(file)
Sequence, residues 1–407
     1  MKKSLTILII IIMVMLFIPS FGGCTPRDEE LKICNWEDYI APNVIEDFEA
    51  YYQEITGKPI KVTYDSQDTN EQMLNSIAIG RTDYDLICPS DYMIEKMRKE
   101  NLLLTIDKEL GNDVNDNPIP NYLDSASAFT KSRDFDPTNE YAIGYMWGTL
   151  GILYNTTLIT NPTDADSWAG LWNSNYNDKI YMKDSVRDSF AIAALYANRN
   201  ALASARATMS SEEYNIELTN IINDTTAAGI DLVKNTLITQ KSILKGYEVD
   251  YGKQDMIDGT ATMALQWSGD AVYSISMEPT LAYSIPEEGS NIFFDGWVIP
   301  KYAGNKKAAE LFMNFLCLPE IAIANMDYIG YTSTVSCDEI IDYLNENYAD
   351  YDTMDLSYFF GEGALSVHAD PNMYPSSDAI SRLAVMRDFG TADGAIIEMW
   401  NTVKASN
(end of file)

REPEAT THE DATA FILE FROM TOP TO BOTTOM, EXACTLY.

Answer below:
Sequence, residues 1–407
     1  MKKSLTILII IIMVMLFIPS FGGCTPRDEE LKICNWEDYI APNVIEDFEA
    51  YYQEITGKPI KVTYDSQDTN EQMLNSIAIG RTDYDLICPS DYMIEKMRKE
   101  NLLLTIDKEL GNDVNDNPIP NYLDSASAFT KSRDFDPTNE YAIGYMWGTL
   151  GILYNTTLIT NPTDADSWAG LWNSNYNDKI YMKDSVRDSF AIAALYANRN
   201  ALASARATMS SEEYNIELTN IINDTTAAGI DLVKNTLITQ KSILKGYEVD
   251  YGKQDMIDGT ATMALQWSGD AVYSISMEPT LAYSIPEEGS NIFFDGWVIP
   301  KYAGNKKAAE LFMNFLCLPE IAIANMDYIG YTSTVSCDEI IDYLNENYAD
   351  YDTMDLSYFF GEGALSVHAD PNMYPSSDAI SRLAVMRDFG TADGAIIEMW
   401  NTVKASN